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Tackling the invisible issue of sexual violence on campus
Sexual violence was the focus of the dialogue held at the Durban University of Technology (DUT) on the 19th of August 2015.
The forum was hosted by the International Centre of Nonviolence (ICON) in association with Agenda Feminist Media, the Durban University of Technology and the University of KwaZulu-Natal.
The dialogue was organised to tackle the issue of sexual violence on campus and the campus community. The feminist dialogue opened up discussions about the topic of sexual violence, what the effects of sexual violence are and how it can be addressed. The dialogue was aimed at the students of DUT to raise awareness and educate students and also give them a platform to speak about it.
Prof Sibusiso Moyo, the Director of Research and Development at DUT, called sexual violence an “invisible issue” as the matter is not spoken about openly and students, whether male or female, are scared to talk about their experiences because they fear that they will be victimised.
A panel of five young women university students, three from DUT and two from the Nelson Mandela Metropolitan University (NMMU), spoke about their understanding and experiences of sexual violence on their different campuses. The students offered possible policy and other approaches to dealing with sexual violence on campuses.
The students of NMMU have been actively involved in putting together policy action briefs and negotiating with structures at NMMU to prevent gender violence’s occurrence and to fight against institutional apathy in responding to the problem. The students said stricter rules and policy were needed on their campus. One of their policy briefs was a response to the problem of contractors and renovators that work on their campus. They spoke about how unsafe it is to have workers in their campus residence when they were not alerted. “Men who are workers would constantly stare at us” said the NMMU student. They proposed that the solution was to inform the students before any contractors entered the residence. As women they need to be notified in advance as they were vulnerable to harassment in showers and other places where no outsiders were allowed access.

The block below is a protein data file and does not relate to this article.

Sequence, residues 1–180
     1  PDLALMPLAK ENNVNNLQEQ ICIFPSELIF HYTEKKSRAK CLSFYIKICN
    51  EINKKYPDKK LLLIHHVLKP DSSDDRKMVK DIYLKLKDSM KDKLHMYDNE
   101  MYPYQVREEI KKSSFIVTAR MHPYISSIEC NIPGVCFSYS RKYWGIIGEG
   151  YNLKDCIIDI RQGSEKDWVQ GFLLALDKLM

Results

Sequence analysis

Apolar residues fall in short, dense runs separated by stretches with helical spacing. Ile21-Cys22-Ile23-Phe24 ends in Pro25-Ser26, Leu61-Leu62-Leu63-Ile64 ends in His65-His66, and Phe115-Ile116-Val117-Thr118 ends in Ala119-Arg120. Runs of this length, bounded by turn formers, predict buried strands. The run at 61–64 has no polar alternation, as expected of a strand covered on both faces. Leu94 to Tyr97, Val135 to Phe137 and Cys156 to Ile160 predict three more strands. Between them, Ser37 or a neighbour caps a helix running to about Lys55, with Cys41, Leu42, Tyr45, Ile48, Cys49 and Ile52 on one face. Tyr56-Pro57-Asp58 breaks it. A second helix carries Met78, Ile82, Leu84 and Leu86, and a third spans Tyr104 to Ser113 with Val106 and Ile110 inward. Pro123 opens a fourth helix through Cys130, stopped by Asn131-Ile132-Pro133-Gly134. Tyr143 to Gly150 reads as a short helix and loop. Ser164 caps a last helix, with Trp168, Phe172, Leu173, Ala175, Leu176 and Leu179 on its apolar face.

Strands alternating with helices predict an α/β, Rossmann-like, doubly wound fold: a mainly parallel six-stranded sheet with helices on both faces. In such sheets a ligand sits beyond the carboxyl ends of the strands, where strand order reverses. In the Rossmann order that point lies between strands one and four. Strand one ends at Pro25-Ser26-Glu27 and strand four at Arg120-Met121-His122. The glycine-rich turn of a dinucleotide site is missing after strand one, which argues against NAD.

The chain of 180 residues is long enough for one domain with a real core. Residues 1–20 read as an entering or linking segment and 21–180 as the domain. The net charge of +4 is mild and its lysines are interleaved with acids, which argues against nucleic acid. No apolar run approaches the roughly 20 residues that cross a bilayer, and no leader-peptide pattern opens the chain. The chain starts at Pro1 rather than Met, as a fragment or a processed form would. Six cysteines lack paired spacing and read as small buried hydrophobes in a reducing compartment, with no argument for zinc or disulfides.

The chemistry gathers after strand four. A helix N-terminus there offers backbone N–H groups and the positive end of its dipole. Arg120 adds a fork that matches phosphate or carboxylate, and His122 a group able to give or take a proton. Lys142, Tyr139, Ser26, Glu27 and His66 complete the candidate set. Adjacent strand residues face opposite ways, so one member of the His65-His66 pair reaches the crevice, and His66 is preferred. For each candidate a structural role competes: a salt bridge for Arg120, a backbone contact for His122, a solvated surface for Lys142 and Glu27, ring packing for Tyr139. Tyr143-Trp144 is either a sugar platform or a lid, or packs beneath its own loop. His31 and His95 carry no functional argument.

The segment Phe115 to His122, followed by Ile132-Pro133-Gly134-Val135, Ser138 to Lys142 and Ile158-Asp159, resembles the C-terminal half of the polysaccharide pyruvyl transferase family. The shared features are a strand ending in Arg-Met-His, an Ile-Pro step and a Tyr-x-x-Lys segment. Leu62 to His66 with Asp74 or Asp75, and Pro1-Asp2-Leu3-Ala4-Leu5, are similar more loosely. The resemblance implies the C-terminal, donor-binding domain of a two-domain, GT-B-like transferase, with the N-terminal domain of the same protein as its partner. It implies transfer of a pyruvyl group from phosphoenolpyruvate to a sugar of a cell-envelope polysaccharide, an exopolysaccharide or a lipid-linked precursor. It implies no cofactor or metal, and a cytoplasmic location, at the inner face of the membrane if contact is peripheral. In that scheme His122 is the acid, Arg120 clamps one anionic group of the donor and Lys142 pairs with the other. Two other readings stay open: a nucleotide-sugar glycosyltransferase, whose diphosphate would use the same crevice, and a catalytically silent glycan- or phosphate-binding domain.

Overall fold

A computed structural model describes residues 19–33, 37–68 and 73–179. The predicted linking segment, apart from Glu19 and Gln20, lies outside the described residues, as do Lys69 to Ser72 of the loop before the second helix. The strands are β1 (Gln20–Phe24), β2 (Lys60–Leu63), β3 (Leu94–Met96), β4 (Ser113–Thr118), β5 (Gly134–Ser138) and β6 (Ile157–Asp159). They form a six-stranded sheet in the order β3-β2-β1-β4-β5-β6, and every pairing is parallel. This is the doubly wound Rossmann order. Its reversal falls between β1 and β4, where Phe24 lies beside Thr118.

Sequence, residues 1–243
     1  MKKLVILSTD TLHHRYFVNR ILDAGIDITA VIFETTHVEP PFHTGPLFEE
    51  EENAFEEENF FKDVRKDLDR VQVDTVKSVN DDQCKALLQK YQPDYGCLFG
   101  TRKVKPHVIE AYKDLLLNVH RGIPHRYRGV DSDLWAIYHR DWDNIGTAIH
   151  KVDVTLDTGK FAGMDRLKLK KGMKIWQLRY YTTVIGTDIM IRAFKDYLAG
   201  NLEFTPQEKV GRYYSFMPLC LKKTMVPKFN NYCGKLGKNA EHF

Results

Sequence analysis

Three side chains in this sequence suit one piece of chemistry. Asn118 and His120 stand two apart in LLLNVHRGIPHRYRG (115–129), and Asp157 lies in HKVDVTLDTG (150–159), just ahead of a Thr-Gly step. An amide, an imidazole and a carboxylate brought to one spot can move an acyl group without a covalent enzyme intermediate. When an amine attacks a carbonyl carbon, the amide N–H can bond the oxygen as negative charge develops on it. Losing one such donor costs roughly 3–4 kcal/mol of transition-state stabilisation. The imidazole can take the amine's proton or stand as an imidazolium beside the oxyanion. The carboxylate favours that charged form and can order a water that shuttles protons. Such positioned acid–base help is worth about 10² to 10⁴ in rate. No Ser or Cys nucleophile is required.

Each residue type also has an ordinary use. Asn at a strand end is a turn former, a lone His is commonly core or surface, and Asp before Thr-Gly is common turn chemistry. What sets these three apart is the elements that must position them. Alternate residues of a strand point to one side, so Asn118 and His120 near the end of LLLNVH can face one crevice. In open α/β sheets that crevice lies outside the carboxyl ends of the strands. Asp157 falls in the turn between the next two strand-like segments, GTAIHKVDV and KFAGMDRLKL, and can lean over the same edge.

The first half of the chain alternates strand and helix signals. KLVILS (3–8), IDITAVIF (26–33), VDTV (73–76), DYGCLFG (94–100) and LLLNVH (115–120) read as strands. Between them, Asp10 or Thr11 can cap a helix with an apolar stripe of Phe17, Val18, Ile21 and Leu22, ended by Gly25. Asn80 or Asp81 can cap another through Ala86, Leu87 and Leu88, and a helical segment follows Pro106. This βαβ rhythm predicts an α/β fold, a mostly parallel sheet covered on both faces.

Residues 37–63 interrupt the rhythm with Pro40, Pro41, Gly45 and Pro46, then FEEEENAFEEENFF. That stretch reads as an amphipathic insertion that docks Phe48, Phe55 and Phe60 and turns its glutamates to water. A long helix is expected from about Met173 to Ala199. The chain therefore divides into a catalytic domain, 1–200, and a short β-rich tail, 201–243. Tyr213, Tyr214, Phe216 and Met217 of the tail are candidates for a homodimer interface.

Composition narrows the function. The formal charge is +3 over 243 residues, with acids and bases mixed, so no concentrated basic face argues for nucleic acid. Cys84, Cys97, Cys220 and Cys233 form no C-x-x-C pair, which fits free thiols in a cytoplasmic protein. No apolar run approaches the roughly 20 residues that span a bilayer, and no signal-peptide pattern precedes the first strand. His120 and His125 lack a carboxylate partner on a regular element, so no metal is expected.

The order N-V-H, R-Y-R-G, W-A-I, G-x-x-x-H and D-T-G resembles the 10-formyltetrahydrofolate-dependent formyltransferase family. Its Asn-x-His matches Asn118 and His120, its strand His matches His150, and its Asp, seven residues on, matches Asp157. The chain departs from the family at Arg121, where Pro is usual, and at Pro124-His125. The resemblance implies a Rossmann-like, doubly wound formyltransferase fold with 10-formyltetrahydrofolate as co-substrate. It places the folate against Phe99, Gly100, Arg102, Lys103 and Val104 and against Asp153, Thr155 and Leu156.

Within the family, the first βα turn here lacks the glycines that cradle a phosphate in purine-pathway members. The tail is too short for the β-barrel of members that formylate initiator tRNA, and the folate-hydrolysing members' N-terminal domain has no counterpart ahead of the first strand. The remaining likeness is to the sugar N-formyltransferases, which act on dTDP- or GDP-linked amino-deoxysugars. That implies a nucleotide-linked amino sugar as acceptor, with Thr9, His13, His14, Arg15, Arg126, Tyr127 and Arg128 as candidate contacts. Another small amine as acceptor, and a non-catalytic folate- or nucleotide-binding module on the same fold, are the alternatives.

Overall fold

Students from DUT who are apart of young women’s leadership project attend a weekly group meeting about sexual violence spoke about their idea of what sexual violence is, how women are vulnerable and the solutions that they identified. Among the causes of sexual violence on campus they raised included the problem of parties where female students drink too much liquor and are then vulnerable to being preyed upon. They also identified the trend where peer pressure and the desire to have better phones and clothing like their friends can open students to prostituting themselves or to getting into exploitative relationships with so-called sugar daddies that eventually become abusive. Another problem that was highlighted was that students do not only get harassed on campus but are victimised on their way to and from home or residence. The students feel unsafe when travelling to and from campus because their residence is in a dangerous area or there are street vendors that make sexist comments to them that makes them uncomfortable.
While one of the most serious sexual violations is rape, students raised the issue of social silencing that keeps it hidden. A student gave the example of a pastor who had allegedly raped and impregnated multiple women. Nothing happened to him because women were too scared to report him. Rape is a serious social problem because the attacker is often someone close to the victim and the victim never feels safe enough to speak up and report the crime to the police.
Some of the solutions that were discussed by the students were 24 hour counselling where students would be able to get help if they have been sexually abused and to hold a regular gender forum where students will be allowed to talk about the problem of sexual violence. A forum would encourage others talk about the issue, give students a platform to speak out against sexual violence and for students to participate in creating rules and policies to ensure that they do not become victims of sexual violence. It was suggested that there should also be gender training so that students are made aware of the problem of gender inequality to bring about a shift in attitudes and to question the tacit acceptance of a culture that often treats gender violence as normal.
Prof. Thenjiwe Meyiwa, the Registrar DUT, concurred with the solutions that were given and encouraged the idea of more dialogues to gain knowledge of what the students are experiencing on campus. “It is the responsibility of people to speak out against the issue of sexual violence and prevent it from happening to students” said Meyiwa.